The ECOPO Camaro was built in partnership with pioneering electric drag racing team Hancock and Lane Racing, as well as with the involvement of Patrick McCue, the man behind the record-holding “Shock and Awe” electric dragster. Showcased alongside the 2019 COPO Camaro and about two dozen other Chevy vehicles at SEMA, it also suggests Chevy might offer an electric motor as a crate "engine" in the future.
Continue reading to learn more about the Chevrolet ECOPO Camaro concept.
The Battle of Hybrid Muscle Is Coming as Chevy Considers a Hybrid Camaro to Take on the Hybrid Ford Mustang
It’s a bittersweet feeling to see muscle cars go hybrid. Ford just recently hinted at a hybrid Mustang in its latest promotion, and now Chevy is pondering a hybrid Camaro. No, we did not spot it being tested or anything, but Chevrolet recently ran a survey with existing Camaro owners to see what they thought about the prospect of a hybrid Camaro.
Top 10 Most Blasphemous Models To Turn Into An EV
The world of EVs is ever growing, and as we near a time when there will be no gas to fill our tanks, we realized some of the world’s best-sounding and glorious engines will have to be ditched in favor of electric power. Think of an electric Camaro, Mustang, Corvette, or Lamborghini... does it sound good? Or rather, does it make any sound at all?
With the advent of electrification in the business of car building, you see every major manufacturer scramble to put together a lineup of eco-friendly electric vehicles as a statement of their forward-thinking plans and their bias towards the future of mobility. It all looked foolish almost 20 years ago when Honda introduced the original hybrid Insight, which was shortly followed by Toyota’s Prius, but today, this seems to be the trend that will sell. For some, it might be a marketing ploy to appease a new section of the market, but you can’t dismiss the trend altogether.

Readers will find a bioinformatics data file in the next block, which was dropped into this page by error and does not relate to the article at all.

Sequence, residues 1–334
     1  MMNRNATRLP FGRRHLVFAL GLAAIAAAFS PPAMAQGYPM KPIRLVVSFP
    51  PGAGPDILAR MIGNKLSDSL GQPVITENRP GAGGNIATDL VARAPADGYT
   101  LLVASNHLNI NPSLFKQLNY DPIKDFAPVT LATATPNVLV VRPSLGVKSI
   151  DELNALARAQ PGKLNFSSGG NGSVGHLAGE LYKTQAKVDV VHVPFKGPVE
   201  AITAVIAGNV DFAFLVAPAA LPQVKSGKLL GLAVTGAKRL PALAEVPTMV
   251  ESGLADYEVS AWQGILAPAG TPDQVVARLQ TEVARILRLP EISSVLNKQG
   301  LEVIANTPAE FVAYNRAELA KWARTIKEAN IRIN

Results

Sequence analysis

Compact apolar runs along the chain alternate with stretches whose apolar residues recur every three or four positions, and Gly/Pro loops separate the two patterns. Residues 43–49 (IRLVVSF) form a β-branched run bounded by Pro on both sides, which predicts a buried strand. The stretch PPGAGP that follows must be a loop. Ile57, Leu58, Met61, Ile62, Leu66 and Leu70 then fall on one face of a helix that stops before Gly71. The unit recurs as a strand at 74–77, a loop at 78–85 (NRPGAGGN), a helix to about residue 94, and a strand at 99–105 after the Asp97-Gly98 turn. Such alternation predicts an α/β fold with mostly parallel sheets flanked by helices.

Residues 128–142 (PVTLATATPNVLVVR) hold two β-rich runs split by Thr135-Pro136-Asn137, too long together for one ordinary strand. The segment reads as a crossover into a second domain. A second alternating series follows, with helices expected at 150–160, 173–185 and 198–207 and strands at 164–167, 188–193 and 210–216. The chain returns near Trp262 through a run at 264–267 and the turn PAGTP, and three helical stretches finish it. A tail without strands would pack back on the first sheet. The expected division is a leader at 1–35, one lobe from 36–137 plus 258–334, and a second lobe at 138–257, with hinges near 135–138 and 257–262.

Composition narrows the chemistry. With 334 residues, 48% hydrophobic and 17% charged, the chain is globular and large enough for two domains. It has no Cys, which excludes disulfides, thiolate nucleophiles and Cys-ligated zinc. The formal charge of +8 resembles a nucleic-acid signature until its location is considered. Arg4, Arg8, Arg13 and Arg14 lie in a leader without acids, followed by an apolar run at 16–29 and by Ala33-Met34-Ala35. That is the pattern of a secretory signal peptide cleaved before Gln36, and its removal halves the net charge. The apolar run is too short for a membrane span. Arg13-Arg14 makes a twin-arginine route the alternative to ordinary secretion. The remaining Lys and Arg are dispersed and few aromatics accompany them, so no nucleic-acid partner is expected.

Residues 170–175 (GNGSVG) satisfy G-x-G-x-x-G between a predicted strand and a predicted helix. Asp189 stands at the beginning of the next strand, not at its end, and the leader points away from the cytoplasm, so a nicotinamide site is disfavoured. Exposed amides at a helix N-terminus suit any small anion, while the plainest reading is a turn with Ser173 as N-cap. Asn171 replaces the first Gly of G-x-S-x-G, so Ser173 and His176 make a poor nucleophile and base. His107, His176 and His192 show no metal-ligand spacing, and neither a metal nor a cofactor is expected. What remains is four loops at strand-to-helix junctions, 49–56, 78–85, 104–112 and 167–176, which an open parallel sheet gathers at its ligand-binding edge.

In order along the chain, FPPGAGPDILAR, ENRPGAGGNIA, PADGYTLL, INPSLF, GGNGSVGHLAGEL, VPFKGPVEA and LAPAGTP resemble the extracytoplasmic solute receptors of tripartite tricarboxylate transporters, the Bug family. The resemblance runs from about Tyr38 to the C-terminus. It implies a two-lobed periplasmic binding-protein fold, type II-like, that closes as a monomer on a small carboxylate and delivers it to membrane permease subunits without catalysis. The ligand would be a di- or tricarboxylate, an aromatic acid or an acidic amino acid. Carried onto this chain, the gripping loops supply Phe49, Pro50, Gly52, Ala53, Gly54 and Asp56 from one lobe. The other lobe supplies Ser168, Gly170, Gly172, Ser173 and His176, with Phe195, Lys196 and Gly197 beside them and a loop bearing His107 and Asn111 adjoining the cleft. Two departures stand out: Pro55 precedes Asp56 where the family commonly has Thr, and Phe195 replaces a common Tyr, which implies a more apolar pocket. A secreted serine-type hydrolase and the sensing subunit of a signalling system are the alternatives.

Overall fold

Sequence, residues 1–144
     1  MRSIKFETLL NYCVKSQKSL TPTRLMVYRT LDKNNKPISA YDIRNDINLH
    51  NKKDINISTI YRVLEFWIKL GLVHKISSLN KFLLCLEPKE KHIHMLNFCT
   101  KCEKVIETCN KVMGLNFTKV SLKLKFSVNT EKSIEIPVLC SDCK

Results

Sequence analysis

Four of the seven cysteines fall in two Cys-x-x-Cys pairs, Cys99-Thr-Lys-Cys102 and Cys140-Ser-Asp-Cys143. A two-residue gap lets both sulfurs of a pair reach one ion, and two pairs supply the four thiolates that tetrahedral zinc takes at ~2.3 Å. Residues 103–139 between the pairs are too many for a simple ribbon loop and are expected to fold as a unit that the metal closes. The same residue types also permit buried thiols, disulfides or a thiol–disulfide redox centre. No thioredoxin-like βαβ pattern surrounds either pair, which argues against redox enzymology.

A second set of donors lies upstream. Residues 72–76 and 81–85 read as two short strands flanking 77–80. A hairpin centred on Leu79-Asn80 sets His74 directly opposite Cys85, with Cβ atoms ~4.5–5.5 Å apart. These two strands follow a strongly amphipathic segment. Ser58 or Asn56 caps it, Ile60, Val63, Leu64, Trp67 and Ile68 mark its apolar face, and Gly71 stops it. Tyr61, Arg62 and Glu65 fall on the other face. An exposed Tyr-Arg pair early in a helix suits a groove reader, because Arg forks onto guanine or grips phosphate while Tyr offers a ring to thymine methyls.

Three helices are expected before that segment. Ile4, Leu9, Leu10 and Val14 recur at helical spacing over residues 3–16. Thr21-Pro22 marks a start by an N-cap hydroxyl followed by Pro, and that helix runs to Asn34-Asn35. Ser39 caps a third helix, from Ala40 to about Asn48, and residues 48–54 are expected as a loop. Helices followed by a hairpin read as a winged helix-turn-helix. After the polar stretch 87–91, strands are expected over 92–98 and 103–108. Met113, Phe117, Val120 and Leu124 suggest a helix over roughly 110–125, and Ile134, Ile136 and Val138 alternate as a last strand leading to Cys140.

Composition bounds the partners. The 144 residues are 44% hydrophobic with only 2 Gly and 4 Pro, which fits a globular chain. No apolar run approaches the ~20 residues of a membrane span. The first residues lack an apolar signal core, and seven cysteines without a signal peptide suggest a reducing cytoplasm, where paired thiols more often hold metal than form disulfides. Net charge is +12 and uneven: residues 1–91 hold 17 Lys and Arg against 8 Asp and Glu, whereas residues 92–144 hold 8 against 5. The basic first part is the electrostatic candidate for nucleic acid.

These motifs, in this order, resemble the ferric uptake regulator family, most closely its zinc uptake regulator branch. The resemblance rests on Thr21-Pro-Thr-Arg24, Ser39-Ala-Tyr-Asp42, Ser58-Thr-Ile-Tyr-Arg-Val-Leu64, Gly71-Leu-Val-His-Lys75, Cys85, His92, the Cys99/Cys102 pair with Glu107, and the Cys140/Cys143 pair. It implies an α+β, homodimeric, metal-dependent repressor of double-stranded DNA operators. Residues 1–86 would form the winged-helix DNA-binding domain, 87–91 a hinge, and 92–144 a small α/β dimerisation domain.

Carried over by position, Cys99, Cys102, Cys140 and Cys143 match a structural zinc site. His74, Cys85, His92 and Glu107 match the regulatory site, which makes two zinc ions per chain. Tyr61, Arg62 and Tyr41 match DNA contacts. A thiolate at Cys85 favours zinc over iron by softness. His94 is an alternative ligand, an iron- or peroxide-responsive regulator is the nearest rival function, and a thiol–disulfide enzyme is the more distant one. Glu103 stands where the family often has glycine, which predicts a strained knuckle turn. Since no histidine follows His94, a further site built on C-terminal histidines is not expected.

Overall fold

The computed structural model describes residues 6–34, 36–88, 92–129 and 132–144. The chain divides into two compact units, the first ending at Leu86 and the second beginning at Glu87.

Audi just took the wraps off its first fully-electric car, the E-Tron. Mercedes was doing the same just a few weeks ago with its EQC, and just about any manufacturer you can think of has a mid- to long-term plan for at least hybrid, if not electric. For instance, Aston-Martin is looking forward to the year 2030, by which time the British manufacturer’s stable should be made up exclusively of electric cars. Ferrari, well-known for their devotion to making their cars sound perfect, is planning a 60 percent hybridization of its lineup in just four year’s time. You can imagine a Ferrari EV isn’t that far off in the future, then.
All this got us thinking - which cars would you never want to see without a growling V-8, or maybe a high-revving V-12 under the hood? Which car’s move from gas to electric sounds like blasphemy to you? We know there is a Mustang-inspired sports utility vehicle coming from Ford in 2020, and the pony car itself might go electric in the future, so how does that make you feel?
Read on to learn about our top 10 cars that would be blasphemous to turn into EVs.